I’ve previously covered research that shows the importance of reading for blind and partially sighted people, so in this blog post I am focusing on the ways libraries can help visually impaired people.
In Sept 2011 (most) public libraries across the UK signed up to adopt the Six Steps for improving access to library services for blind and partially sighted people. All 22 local authority library services in Wales pledged their support for this scheme. Libraries that have adopted the six steps provide collections of large print and audio books, make sure that accessible technology is available, and have a library champion for the reading needs of blind and partially sighted people (among other things – see below for the list of the six steps).
A year later and 88% of the UK public library authorities have signed up, and a survey was undertaken to see how well the Six Steps scheme is being met. The report is available on the Reading Sight website. Although based on responses from a relatively small number of people, it is interesting and useful, and librarians may find it helpful for little tips and nuggets of ways to help improve the library experience for blind and visually impaired people.
The report’s conclusions are that there are some excellent services on offer, and very helpful and informative library staff who go out of their way to assist blind and partially sighted people, but that there is still room for improvement. One person is quoted as saying “I got no suggestions. In my opinion the librarian gave the distinct impression I was an alien and should not have been there.” (Fortunately that was not from someone in Wales!) Something we could take away for future consideration in Wales though is the level of engagement with Make a Noise in Libraries – which libraries in Wales currently get involved with this campaign?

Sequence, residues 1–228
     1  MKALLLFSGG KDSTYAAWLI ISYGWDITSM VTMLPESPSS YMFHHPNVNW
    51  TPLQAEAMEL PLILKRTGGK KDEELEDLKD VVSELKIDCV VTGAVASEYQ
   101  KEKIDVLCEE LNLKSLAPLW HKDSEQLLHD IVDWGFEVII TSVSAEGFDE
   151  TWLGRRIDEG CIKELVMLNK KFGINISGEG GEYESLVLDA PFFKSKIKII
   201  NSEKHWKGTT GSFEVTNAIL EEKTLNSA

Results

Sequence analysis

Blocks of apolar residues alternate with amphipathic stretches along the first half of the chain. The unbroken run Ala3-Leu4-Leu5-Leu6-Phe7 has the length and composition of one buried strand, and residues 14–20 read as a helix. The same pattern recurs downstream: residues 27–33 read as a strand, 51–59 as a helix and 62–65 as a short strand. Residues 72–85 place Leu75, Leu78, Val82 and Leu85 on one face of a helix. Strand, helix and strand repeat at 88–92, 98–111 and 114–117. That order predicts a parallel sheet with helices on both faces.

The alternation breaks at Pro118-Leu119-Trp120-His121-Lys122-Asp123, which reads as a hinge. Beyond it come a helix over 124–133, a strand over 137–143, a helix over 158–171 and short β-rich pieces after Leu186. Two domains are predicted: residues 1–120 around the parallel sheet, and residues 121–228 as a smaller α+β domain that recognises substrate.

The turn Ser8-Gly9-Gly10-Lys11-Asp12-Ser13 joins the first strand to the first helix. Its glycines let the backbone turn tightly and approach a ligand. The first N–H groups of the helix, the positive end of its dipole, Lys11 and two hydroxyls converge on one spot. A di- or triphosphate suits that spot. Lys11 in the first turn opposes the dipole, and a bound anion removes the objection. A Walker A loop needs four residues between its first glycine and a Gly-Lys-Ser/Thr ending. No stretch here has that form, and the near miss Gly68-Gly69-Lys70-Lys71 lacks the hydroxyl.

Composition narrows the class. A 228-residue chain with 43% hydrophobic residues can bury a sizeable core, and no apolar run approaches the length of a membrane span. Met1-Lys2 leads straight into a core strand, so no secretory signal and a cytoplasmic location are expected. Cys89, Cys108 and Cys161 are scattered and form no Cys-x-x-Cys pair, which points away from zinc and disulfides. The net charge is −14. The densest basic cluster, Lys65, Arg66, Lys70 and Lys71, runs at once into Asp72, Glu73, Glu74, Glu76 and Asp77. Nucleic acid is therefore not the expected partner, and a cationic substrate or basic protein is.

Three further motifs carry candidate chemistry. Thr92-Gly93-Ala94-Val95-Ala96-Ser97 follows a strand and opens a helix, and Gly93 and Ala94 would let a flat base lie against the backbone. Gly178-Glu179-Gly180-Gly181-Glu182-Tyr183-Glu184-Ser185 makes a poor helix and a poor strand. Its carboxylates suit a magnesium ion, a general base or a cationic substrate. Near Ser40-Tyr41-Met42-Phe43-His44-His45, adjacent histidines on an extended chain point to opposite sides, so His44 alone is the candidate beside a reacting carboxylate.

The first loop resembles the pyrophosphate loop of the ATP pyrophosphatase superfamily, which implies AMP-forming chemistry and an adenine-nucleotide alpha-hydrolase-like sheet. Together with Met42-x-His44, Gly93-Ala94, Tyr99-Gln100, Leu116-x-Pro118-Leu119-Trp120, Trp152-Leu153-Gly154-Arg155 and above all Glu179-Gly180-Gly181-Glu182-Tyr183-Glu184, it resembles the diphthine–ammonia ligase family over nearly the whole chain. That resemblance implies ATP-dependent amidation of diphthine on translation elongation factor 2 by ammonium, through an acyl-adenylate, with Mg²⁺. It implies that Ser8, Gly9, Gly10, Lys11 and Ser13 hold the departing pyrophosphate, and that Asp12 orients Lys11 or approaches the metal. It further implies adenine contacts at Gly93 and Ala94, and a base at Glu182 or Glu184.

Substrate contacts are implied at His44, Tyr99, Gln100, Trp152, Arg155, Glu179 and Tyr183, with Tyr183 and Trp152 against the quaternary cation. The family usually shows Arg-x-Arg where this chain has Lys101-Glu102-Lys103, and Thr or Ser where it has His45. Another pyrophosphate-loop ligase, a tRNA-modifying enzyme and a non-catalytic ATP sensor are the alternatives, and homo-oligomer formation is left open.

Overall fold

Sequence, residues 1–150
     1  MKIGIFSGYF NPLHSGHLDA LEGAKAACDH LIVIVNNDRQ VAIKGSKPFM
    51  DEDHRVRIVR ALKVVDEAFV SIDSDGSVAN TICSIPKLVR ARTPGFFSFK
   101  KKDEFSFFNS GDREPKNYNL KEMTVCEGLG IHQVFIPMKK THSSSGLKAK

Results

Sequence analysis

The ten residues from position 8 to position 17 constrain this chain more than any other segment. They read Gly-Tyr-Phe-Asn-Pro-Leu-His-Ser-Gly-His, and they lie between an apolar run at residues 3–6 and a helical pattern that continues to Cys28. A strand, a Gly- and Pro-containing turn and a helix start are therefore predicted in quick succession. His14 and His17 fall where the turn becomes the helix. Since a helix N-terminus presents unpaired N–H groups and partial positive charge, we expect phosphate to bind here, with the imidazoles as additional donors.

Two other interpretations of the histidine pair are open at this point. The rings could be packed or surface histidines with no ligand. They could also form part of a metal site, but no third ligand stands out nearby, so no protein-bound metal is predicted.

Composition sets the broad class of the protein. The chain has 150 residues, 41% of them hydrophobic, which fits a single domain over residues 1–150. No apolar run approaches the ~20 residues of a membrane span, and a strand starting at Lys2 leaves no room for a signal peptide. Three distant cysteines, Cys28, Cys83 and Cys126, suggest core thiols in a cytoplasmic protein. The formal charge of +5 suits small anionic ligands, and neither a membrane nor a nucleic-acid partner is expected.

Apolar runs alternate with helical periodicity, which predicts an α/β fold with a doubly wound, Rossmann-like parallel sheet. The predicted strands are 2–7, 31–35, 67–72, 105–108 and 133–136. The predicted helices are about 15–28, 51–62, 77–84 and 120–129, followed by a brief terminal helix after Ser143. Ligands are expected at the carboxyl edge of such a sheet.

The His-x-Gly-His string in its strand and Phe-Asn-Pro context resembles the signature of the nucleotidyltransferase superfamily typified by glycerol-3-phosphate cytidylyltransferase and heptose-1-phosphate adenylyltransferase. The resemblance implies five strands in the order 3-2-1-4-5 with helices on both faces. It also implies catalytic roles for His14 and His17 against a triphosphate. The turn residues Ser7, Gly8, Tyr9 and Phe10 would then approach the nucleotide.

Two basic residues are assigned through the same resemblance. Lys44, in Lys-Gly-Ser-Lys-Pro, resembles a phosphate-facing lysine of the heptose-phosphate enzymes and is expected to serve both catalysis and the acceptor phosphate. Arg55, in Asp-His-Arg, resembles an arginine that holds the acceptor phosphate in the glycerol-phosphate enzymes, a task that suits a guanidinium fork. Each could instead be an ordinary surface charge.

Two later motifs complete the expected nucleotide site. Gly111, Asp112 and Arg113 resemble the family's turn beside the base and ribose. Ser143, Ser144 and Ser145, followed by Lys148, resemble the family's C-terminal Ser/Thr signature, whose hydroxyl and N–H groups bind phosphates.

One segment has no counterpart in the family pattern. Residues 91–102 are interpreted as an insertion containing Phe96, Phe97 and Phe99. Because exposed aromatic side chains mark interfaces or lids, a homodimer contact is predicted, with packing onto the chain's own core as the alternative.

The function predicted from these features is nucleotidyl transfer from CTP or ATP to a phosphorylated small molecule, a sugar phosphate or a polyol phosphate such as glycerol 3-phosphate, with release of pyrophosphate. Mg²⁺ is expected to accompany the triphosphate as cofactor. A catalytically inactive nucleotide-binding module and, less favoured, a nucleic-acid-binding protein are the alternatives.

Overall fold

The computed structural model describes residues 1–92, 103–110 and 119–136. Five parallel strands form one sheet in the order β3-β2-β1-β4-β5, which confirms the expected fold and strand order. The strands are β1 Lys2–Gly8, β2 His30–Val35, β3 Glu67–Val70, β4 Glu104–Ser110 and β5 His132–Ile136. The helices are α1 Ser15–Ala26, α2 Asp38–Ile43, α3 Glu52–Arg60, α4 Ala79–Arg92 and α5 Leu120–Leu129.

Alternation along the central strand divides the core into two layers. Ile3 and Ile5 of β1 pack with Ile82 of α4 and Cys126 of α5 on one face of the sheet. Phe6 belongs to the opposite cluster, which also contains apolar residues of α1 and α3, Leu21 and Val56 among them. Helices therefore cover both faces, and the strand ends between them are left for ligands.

The Six Steps are:
1. Use Your Reading Choices with blind and partially sighted customers to assess their reading needs and facilitate access to public libraries and other relevant services
2. Use Reading Sight, the free website for library staff supporting blind and partially sighted people to access reading and reading services.
3. Provide local collections of large print and audio books.
4. Have a strategy in place for provision of access technology throughout your library service.
5. Designate a “champion” for the reading needs of blind and partially sighted people.
6. Participate in Make a Noise in Libraries Fortnight run annually by the Royal National Institute of Blind People (RNIB).
Since the launch of the Six Steps the work has developed and there is a now a Six Steps JISCMAIL list for librarians who wish to share information, raise questions and keep up with relevant news. Join via the JISCMAIL website.
In addition, from spring 2013, The Network will be running a series of workshops, supported by Share the Vision, looking at engaging with the Six Steps and also preparing for Make A Noise In Libraries fortnight which will run from 3 to 14 June in 2013.
What else? Well, you may not have come across the Sightline Directory run by the RNIB. As its name suggests, it’s a directory of useful people, organisations and services which can be searched by type and location. The RNIB is requesting users to submit details of organisations not included – maybe public library service could check their local listings in Sightline against their local community information database and submit details of any notable omissions.
And with a growing number of visually impaired people taking up e-books, now is a great opportunity for public libraries in Wales to work with local groups to promote not only the new e-books service in Wales but all the other services they offer for blind and visually impaired people.
Update 4th Jan 2013 – Today I came across another relevant guide for librarians – it’s a guide to the most helpful and easy-to-use free open source tools on a range of disability issues. The guide can show you what tools are available to help your library users gain access to the resources you have available and has step-by-step instructions on installing the relevant free software tools. The guide has been created by EIFL (Electronic Information for Libraries) whose strapline is ‘knowledge without boundaries’.